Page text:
I hope as new technology transforms all of us into Media—with our own flashlights–that we choose carefully what to highlight–that we don’t spread the rants of bigotry, lies, distortions, and divisive arguments around the internet or TV. Let’s choose truth to highlight–even ugly truth, but we make sure it is truth first.
As flashlighters in a darkened room, we are responsible for vetting what we highlight—we are asking the whole room to turn and look at us. We are asking the whole room to think about what we are flashlighting them to see. What we flashlight may not be indicative of the thoughts of the whole room, but it can influence people so much that other people will think they are the thoughts of everyone, might even change their minds, or it might cause them to assume that the whole world is thinking this or that. Gradually, that assumption will win over naysayers.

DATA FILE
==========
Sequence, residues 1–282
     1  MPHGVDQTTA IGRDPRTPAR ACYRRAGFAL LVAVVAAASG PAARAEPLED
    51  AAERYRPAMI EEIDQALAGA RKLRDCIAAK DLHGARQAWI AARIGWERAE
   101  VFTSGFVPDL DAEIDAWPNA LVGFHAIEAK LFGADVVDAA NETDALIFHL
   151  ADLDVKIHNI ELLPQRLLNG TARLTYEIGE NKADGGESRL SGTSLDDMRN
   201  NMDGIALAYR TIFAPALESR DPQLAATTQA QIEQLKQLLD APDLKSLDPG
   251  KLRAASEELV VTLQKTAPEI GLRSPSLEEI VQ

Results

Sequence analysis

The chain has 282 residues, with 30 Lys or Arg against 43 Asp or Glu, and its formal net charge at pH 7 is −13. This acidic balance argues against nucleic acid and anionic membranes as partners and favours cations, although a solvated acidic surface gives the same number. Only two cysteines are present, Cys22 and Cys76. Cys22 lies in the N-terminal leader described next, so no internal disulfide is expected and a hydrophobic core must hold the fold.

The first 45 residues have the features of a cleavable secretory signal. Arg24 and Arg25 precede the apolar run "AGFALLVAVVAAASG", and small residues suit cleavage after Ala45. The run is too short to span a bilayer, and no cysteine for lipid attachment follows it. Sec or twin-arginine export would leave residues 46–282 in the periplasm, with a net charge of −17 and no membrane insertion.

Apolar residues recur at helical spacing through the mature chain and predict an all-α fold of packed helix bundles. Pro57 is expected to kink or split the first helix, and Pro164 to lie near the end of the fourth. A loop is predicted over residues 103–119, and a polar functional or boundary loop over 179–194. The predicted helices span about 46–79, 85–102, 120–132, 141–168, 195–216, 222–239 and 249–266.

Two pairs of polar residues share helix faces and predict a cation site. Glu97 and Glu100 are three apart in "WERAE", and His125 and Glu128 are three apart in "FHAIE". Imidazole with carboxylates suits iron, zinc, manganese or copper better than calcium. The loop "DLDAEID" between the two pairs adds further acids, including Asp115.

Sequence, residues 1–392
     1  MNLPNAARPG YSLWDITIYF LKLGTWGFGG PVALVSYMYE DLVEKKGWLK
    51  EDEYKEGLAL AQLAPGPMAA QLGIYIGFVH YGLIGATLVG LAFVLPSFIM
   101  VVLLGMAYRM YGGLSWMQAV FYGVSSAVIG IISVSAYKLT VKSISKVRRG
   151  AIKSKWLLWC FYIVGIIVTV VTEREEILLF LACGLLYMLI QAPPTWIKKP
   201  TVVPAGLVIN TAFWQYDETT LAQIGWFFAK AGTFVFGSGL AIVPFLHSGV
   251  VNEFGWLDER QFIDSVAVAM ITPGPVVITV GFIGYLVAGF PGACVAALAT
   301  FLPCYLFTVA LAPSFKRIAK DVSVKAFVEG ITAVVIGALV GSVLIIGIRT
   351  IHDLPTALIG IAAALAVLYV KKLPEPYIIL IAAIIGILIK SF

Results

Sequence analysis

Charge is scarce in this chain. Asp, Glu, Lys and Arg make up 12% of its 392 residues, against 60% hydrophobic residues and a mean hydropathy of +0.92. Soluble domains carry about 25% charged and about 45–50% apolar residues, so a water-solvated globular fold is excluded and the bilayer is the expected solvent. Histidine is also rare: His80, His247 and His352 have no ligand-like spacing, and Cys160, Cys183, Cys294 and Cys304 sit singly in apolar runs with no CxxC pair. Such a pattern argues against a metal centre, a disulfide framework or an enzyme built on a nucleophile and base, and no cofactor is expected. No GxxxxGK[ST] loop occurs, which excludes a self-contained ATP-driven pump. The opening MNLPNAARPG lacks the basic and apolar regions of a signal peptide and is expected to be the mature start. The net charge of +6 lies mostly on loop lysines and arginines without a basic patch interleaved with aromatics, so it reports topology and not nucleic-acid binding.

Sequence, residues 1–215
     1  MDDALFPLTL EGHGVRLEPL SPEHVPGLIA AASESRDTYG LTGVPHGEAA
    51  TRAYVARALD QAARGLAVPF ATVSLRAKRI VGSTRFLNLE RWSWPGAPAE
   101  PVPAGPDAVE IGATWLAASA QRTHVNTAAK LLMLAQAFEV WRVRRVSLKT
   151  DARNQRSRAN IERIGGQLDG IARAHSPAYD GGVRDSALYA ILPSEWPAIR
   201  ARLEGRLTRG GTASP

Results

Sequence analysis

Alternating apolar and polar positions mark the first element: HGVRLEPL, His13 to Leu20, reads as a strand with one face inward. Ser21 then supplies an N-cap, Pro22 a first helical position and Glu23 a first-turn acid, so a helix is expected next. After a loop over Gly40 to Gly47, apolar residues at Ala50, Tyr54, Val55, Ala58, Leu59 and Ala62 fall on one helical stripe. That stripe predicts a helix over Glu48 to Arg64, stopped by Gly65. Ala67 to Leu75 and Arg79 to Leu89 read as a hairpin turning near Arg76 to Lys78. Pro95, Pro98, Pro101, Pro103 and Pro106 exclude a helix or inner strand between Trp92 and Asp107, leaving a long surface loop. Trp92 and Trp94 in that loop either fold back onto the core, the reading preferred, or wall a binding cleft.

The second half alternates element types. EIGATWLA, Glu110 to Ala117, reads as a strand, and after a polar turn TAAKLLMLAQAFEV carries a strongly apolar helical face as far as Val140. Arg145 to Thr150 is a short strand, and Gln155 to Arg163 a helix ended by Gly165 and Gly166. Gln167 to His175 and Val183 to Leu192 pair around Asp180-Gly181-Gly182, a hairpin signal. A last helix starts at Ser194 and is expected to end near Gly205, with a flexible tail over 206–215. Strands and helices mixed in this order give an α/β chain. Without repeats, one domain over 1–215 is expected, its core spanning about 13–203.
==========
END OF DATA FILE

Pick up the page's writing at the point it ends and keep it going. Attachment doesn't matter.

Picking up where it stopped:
You can use this to the world’s detriment, or use it to sway the world for its good. Palin may cry foul over the media’s flashlighting, but she loves the light. And she knows how to manipulate it. You can END this story by turning the flashlights off of her. Ignoring someone is the fastest way to shut them up, to make them irrelevant. You can kill “news” by putting it in a vacuum. You can choose to flashlight INTELLIGENT opposition, not lies. It doesn’t help the Republicans or the naysayers to the Healthcare plan to continue spotlighting Palin’s rants. Turn off her light; let smarter voices be heard.
The media, ultimately, is responsible for the life of a bad, or good, story.
Please, for the sake of our time and sanity, stop highlighting things that tear down truth, and spotlight the truth instead. You can still get the murmur, get the crowd talking. We have to train the crowd to murmur against real injustice, murmur about the making the world better–something that makes a difference, not that makes a buck out of a murmur.
In the dark, the flashlights are the only way anyone can see. Use them well.